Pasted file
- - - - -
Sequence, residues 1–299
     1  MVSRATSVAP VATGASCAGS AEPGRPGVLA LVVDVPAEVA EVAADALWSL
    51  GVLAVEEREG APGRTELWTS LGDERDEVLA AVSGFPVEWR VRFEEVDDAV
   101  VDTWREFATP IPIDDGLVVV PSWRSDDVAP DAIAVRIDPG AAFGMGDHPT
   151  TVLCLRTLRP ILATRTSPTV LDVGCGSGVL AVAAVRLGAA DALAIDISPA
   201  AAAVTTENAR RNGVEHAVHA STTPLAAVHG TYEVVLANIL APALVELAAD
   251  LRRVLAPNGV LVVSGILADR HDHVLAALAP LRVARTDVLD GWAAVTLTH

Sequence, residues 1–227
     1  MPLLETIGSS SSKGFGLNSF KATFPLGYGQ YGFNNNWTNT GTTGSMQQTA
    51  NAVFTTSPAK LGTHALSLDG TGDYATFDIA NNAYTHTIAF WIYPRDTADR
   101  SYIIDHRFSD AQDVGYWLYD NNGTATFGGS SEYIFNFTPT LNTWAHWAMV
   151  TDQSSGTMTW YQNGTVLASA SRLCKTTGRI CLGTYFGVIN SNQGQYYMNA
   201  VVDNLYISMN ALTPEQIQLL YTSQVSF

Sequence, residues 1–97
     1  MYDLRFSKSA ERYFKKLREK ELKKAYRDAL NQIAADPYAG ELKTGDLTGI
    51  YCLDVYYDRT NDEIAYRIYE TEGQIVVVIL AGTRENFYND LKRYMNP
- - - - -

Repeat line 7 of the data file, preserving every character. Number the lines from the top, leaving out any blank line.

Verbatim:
   251  LRRVLAPNGV LVVSGILADR HDHVLAALAP LRVARTDVLD GWAAVTLTH